Appearing on three of the American Sunday morning talk shows, former House speaker Newt Gingrich vehemently criticized his foremost contender for the Republican Party’s presidential nomination, Mitt Romney, accusing his rival of saying things that are “factually false” and tearing down “whoever he’s running against.”

Despite a blistering array of negative television advertisements against him, Gingrich said he was still confident of victory in Florida which votes to elect a candidate on Tuesday.

“I think it’s highly likely that we’re going to win Florida,” he told CBS News’ Face the Nation, “because I think when people understand how many different times [Romney] said things that aren’t true, his credibility is going to just frankly just collapse.”

Polls have been extremely volatile in the Sunshine State over the past couple of weeks. Gingrich enjoyed a solid lead over Romney after his South Carolina win last week but the Romney campaign’s attacks appear to have an effect. Gingrich admitted as much on ABC News’ This Week where he pointed out that it was only in the areas where “Romney carpet bombs with Wall Street money” to run television commercials against him that his popularity eroded.

“The conservatives clearly are rejecting Romney,” he said on the same program. The former Massachusetts governor may take all of Florida’s fifty delegates next week but many of the caucuses and primaries that are next in line elect delegates on a proportional basis, raising the possibility of neither candidate securing a majority before the nominating convention in August.

“He’s not going to be anywhere near a majority by April,” Gingrich predicted, by which point 32 states will have caucused or voted in a primary. “This is going to go on all the way to the convention.”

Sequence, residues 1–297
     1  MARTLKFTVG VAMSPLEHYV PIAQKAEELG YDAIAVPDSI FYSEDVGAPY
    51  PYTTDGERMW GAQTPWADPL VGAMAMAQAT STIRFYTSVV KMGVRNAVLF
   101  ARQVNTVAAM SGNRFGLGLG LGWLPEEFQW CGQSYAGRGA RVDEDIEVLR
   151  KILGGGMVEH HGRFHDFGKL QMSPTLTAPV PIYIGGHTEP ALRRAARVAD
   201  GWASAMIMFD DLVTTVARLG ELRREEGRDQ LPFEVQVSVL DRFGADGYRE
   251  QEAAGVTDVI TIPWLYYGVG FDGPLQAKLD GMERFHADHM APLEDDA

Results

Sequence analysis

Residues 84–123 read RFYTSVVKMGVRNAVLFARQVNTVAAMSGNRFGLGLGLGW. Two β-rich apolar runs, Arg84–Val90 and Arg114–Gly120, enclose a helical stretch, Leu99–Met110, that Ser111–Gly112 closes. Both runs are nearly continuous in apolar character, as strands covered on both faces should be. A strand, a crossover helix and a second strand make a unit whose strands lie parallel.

Gingrich has characterized Romney as a “timid Massachusetts moderate” and called him a “liberal” this weekend. As a northeastern governor, Romney enacted a health-care reform measure that was very similar to the Democrats’ 2010 reform effort. he also changed his views on abortion.

Establishment conservatives have questioned Gingrich’s own conservative credentials however, pointing out that Gingrich, too, supported an individual mandate in health care before conservatives were against it. As recently as last summer, he rejected plans to privatize federal health support for retirees as “right-wing social engineering.”

On This Week, Gingrich tried to convince voters that at least he was more conservative than Romney.

My hope is that gradually conservatives will come together and decide that a Newt Gingrich conservatism is dramatically better than Mitt Romney’s liberalism.

On Fox News Sunday, he reached out to likely Rick Santorum voters. “Romney beats me as long as we split the conservative vote,” he said. If the former Pennsylvania senator, who would gather 12 to 15 percent of the vote in Florida, drop outs, Gingrich hopes to stage another victory in the South.

Santorum has shown no intention of leaving the race. Instead, on ABC News last week, he described Gingrich as an “erratic conservative” and a “very high risk candidate” who could dash Republican hopes of winning back the White House.

NBC News’ political director Chuck Todd wondered on Meet the Press whether Gingrich indeed stood to gain from a Santorum exit. “They’ve made Gingrich so unelectable to some conservatives,” he said about the Romney team, “that if you get rid of the Santorum vote and factor in the second choice” in an NBC/Marist poll that was released on Sunday, “Romney’s lead actually grows by a point. So this idea that somehow conservatives are splitting the vote — not anymore.”